8 Important Facts to know about Crop Nutritional Monitoring

cropsA reference to the optimal nutritional value of major crops is available in both hemispheres throughout the agricultural seasons. The technical and technological keys of experience, knowledge, and laboratories are responsible for achieving the reference. The following eight facts about crop nutritional monitoring are of interest to advisors, growers, and agronomists.

1. Consumer Demand – There is a widespread demand among consumers for food products that are produced using nutritional monitoring. Many retailers and supermarkets demand food products grown using this sustainable agriculture.

2. Crop Nutritional Monitoring is Profitable – Leading agricultural companies in Egypt, Portugal, Morocco, Italy, Mexico, Peru, Chile, Spain and the United States implemented the system. Technical directors of all the companies agree the monitoring and nutrition control system helps to be more profitable.

3. Crop Nutritional Monitoring for Quality and Yield – Crops produce the desired quality and achieve full productive potential. Crop control is in place at all times with absolute certainty of meeting the needs of the crops. There are no magic recipes. According to AGQ Labs & Technological Services, accurate information provided by the monitoring system is what agricultural companies use to manage the crops.

4. Corrective Measures – Plant material trials complement the analysis. Agronomists, who specialize in plant nutrition and agricultural chemistry interpret the results. They establish the implementation of needed corrective measures during the crop cycle.

The Microseed Forest Nursery in Ridgefield, Washington utilizes tissue monitoring throughout the growing season. Monitoring of nutrient levels of weekly tissue samples involves comparing them to sufficiency ranges. Sufficiency ranges are a combination of experience and accepted industry levels.

AgVita Analytical published a paper on the analysis methods of crop nutrition monitoring. They are uptake analysis and tissue analysis. Both methods of sampling require the correct plant parts for analysis. Both methods identify the crop development stage. Ideal samples are at full turgor.

The requirement limits sampling in most cases to the morning hours, or a sampling time selection that is consistent throughout the period of sampling. Samples arrive in the laboratory that are cool and protected from evaporation within 24 to 36 hours.

5. Uptake Analysis – When the objective is a physiologically based question such as ion antagonism or root uptake, a more valuable result comes from nutrient uptake testing. Advisers, growers, and agronomists, who work with intensely managed crops, find uptake nutrient analysis to be the better tool. The current nutrient status increases the odds of treatment with predictable, positive effects on the quality and yield of a crop. Tissue analysis of crops is misleading when they have abnormal development. Iron is an example that often shows an inverse relationship to its deficiency.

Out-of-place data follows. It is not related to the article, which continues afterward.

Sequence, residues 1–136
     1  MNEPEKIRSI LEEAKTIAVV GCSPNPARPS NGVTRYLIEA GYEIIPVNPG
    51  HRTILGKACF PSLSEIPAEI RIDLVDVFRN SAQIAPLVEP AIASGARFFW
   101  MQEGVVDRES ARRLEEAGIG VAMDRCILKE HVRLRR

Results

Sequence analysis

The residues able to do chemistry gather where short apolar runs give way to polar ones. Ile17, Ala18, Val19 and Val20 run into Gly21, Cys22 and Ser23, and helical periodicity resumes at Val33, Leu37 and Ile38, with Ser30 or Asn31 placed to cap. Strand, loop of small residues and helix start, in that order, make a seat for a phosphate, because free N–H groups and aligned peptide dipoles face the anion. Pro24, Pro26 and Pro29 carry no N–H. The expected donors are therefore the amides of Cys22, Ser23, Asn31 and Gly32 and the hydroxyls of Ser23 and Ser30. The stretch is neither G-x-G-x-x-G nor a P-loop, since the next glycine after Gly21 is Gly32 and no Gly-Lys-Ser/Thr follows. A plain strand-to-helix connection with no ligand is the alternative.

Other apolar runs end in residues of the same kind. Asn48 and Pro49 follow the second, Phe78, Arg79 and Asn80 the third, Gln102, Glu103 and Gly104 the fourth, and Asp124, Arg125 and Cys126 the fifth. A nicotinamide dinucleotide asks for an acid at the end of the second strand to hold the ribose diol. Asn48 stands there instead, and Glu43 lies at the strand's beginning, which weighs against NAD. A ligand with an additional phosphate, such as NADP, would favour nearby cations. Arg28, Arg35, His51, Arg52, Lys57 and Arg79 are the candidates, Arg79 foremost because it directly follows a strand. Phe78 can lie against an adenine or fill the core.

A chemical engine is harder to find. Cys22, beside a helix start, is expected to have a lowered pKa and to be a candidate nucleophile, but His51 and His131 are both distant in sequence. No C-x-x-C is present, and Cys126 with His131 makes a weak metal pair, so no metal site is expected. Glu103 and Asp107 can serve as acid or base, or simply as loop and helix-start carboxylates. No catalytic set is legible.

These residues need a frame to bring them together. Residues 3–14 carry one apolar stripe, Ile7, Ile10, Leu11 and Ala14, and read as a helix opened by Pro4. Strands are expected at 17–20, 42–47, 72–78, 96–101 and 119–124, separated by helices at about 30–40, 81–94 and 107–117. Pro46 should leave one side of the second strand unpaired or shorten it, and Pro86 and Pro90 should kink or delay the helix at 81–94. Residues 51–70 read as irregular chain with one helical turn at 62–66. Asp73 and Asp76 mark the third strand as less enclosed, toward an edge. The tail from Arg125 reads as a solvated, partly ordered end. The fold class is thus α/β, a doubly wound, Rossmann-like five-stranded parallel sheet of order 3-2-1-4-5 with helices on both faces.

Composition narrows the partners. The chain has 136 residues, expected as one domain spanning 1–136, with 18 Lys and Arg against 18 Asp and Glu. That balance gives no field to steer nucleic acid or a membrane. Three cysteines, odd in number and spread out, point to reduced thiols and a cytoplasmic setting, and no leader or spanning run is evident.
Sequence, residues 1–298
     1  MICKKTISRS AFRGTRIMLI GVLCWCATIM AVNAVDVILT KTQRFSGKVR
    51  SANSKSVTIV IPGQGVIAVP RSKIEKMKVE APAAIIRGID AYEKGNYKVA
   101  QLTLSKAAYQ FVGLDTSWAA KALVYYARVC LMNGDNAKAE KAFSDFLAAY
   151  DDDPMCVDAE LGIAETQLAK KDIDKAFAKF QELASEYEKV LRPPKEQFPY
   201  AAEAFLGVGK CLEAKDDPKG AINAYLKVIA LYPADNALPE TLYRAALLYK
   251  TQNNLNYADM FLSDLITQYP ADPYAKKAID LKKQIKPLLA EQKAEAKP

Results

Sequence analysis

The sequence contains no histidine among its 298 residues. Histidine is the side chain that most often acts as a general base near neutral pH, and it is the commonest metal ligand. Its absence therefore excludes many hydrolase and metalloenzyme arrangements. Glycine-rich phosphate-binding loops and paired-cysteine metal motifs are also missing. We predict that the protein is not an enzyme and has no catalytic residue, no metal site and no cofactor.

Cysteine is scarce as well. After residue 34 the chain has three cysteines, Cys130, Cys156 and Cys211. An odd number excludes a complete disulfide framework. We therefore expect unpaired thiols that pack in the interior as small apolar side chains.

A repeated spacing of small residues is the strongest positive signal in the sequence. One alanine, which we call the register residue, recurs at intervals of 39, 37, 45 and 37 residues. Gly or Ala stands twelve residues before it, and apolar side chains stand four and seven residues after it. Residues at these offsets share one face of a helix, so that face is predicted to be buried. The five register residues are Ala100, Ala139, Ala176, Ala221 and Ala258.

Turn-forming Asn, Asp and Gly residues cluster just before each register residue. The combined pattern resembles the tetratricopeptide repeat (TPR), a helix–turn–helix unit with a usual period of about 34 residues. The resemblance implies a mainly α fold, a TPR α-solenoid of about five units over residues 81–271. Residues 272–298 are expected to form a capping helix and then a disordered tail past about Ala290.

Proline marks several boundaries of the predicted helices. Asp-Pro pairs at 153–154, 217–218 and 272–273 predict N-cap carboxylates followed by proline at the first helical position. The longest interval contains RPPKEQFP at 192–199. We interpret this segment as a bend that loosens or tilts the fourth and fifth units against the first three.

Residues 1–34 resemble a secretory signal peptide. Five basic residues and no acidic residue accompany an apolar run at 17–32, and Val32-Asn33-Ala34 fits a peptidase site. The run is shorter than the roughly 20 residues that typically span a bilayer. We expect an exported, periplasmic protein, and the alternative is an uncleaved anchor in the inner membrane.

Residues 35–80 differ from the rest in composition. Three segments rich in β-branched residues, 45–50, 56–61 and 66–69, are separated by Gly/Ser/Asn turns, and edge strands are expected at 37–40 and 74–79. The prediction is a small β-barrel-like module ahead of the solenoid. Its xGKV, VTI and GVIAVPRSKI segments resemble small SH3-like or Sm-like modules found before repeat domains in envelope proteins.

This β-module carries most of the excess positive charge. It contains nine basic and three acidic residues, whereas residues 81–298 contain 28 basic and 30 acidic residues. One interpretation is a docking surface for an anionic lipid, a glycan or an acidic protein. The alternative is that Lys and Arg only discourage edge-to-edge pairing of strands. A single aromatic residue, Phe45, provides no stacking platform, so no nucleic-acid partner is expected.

There is a positive correlation using uptake analysis. Nutrient uptake ratios provide insight into root zone uptake conditions at the time of sampling. The effect of a fertilizer application is apparent in subsequent test results. The fertilizer effect is important to growers.

6. Tissue Analysis – Short time variation is of less interest for long cultures such as forestry that require little maintenance. Tissue analysis is a better choice. Only tissue analysis provides the answer to total nutrient uptake. The levels needed to achieve an elusive ‘target’ seedling come from extensive tissue sampling. Liquid fertilizer supplements bolster levels that are below optimum.

7. Fertilizer Use – In addition to crop management efficiency, the tool helps reduce fertilizer costs and allows certification that no contamination of aquifers and soil occurs. No leaching takes place when plants receive what they need.

Transition evaluation along the root structure is the basis of crop monitoring and nutrition control. The evaluation is done by analyzing the fertilizer solution from the irrigation tape and probing and extracting soil from different depths to determine how the soil composition profile evolves. Periodic analysis occurs during the phenological cycle.

8. Technology – Incorporating the technology of nutritional monitoring enables companies to enter and remain in demanding markets. Technology for crop nutritional monitoring includes a moderate resolution imaging spectroradiometer. It monitors crop conditions for specific regions. Remotely sensed vegetation index data tracks the evolution of growing seasons compared to long-term average conditions. Using the MODIS, data analysts produce a globally normalized vegetation index.

The Foreign Agricultural Service analysts have access to the time-series data through a powerful analysis tool and web interface. They can plot graphs, monitor current conditions, and spatially view anomalies by comparing current conditions to historical averages.